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Dorothy Round

tennis player
Full name: Dorothy Edith Round
Alias: Mrs D.L.Little
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Bio She was the child of John Benjamin Round, a building contractor, and Maude Helena. Her family home in Park Road, Dudley, included a hard tennis court laid down by her grandfather. She was brought up as a Methodist and her religion remained important to her throughout her life. According to an interview she gave in later life, she played tennis with her brothers at the court in the garden of the family home from an early age and entered a school tennis competition aged 10 or 11. She attended the Dudley Girls High School. The daughter of a clergyman and herself a Sunday school teacher, Round was notorious for refusing to play on the Sabbath.

Dorothy played of formidable power and developed her game from that of a sports-minded schoolgirl to a Wimbledon champion, making that transition almost seamlessly. Although she often refused to play on Sundays, she was nevertheless entirely dedicated to making the most of herself. She made two singles championship runs at Wimbledon and was once the victor at the Australian Championships.
An Englishwomen with a large heart and agile mind, she volleyed well and was not afraid to compete under pressure.
Round won at least 42 tournaments-Warwick in 1928 being her first known title, the last at Wimbledon in 1937.
Twice Wimbledon champion (1934 and 1937) she was the last British person to take a singles crown at Wimbledon until Angela Mortimer in 1961. She has been evacuated to Canada during WWII with infant son (Glasgow Herald, 2 Jan 1942)

In July 1940, Round went to Canada with her two-year-old son, Ian, and while there she became a professional tennis coach. She also took part in competitions, exhibition matches and raised money for charity in Canada and the USA as well as promote the sale of War Bonds in the U.S.
In August 1940, Round won both the singles and doubles (partnered by Mrs Ross Harrington) in the Eastern Canada Championships held at Halifax, Novia Scotia.
Round turned professional in 1941 when she accepted a summer coaching position at the Seigniory Tennis Club in Canada. On 19 November of the same year, Round appeared in an exhibition match together with Mary Hardwick at Duke University, Durham, North Carolina.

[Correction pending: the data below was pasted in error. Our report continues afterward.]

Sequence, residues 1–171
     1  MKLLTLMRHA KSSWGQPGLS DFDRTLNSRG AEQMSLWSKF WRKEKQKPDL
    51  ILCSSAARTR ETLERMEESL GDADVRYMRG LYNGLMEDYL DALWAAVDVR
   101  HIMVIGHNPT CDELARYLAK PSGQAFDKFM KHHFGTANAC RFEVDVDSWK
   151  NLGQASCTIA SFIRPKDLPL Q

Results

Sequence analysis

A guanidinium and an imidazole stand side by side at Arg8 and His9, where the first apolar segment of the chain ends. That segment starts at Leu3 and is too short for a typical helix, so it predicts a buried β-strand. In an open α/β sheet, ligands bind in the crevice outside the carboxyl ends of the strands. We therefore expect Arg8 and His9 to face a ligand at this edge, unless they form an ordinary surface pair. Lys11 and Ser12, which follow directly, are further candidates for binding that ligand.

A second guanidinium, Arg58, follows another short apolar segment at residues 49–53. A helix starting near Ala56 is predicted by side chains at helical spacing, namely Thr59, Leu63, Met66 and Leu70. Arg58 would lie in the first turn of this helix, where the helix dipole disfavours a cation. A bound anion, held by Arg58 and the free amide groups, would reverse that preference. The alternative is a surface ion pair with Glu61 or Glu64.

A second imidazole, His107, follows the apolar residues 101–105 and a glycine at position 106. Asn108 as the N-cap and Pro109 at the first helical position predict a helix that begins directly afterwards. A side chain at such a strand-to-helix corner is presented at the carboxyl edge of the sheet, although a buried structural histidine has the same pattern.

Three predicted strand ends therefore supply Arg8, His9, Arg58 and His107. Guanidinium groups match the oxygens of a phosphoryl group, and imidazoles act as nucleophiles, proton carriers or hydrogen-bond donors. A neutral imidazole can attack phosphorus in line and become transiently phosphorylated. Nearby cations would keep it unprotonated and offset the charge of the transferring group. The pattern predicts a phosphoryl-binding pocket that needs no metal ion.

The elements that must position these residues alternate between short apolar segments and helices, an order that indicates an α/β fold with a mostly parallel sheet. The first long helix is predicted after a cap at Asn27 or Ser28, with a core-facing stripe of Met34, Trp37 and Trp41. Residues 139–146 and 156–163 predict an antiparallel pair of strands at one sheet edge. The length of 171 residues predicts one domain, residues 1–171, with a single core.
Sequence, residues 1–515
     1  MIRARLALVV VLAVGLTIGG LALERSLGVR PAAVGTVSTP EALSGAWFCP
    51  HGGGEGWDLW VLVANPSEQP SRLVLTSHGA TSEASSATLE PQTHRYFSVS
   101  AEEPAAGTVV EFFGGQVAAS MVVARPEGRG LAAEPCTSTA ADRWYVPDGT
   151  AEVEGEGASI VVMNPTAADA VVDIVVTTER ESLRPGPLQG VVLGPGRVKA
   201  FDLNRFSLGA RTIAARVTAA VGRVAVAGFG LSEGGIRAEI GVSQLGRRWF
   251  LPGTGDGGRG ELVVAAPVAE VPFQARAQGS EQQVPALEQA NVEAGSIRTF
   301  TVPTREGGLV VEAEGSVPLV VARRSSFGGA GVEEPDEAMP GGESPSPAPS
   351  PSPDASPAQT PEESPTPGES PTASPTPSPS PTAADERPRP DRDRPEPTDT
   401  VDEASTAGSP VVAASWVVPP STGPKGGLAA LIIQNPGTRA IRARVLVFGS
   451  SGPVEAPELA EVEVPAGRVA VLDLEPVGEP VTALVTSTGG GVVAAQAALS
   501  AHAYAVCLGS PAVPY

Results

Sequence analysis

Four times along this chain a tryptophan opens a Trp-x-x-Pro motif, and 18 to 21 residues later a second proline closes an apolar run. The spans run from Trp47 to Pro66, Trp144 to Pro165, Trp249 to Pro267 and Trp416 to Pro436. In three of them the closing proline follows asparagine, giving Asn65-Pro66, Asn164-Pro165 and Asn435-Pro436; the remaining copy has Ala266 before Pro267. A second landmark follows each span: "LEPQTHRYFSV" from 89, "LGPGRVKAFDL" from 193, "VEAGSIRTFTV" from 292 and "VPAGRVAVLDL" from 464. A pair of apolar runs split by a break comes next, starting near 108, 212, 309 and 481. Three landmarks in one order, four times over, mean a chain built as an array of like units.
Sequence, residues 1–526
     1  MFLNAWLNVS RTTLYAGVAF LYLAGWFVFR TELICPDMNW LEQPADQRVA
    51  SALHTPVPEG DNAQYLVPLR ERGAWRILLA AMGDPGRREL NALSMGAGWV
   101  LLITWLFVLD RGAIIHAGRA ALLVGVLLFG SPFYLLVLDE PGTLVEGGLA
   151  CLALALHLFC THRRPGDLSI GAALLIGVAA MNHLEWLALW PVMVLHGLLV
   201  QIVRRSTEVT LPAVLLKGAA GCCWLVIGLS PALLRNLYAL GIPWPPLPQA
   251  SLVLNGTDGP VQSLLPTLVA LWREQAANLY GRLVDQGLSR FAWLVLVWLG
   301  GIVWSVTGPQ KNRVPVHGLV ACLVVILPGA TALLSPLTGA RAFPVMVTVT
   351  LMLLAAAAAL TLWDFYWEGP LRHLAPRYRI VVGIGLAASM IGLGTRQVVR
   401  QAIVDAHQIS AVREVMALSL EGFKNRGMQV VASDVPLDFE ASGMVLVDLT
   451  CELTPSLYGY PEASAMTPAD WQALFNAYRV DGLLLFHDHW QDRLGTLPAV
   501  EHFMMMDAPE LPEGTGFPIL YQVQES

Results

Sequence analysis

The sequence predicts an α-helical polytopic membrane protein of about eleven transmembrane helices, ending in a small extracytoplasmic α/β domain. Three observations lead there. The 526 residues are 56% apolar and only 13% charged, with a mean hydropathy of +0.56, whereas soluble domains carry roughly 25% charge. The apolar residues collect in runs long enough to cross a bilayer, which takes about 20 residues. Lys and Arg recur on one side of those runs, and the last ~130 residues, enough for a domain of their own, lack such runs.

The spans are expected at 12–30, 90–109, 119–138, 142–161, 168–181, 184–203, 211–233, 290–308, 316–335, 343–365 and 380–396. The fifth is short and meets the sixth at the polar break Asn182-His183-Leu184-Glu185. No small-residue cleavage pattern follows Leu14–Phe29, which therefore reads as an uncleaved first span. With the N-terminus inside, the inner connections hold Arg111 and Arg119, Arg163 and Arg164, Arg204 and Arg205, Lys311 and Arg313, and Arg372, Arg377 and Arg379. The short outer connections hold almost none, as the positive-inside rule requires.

In February 1942, Round was living on the campus of Lake Erie College where she was coaching tennis players. She took over the coaching post from Mary Browne, who had decided to carry out civil defence work.
In June 1942, Round appeared with Mary Hardwick, Bobby Riggs and Wayne Sabin in a tennis exhibition held at the Edgemoor Club, Washington D.C. The event was to raise money for the British and American Ambulance Corps. At the event, Round was introduced to Dwight Davis, founder of the Davis Cup.
In 1944, Round returned to the UK, where she performed exhibition matches. She was reinstated as an amateur in 1945 by the Lawn Tennis Association. There was speculation that she would make a return to Wimbledon in 1946, although, according to the contemporary player and sports journalist, John Olliff, former professionals could not appear at the Wimbledon Championships or national championships organised under the jurisdiction of the International Lawn Tennis Association. However, Round remained an active tennis player, and after a break in 1946 when she had her second child, she continued to appear in British tournaments to the end of the 1940s and beyond. In June 1947 it was announced that she would be covering the Wimbledon Championships for the regional paper, the Liverpool Daily Post. In August 1947, she appeared at the Scottish Hard Court Championships reaching the final of the singles and winning the doubles and mixed doubles titles. In July 1948, she appeared at the Midlands Counties Championship in Birmingham where she lost the singles final to Barbara Knapp. In September 1949, Round was part of the Worcestershire team playing in the Inter-Counties Hard Court Tournament against a South Wales team. Round reached the third round of the singles in the Midland Counties Championships held in Birmingham, in 1950.

She was inducted into the International Tennis Hall of Fame in 1986.

On 20 September 2013 her hometown of Dudley commemorated her by erecting a bronze statue in Priory Park, Dudley. The lifesize bronze statue, unveiled by her daughter, was created by the British sculptor John McKenna and depicts Dorothy Round making a return play of the ball. Also a portrait in oil on canvas by Dudley artist Philip Guest is part of the permanent collection of Dudley Museum and Art Gallery.
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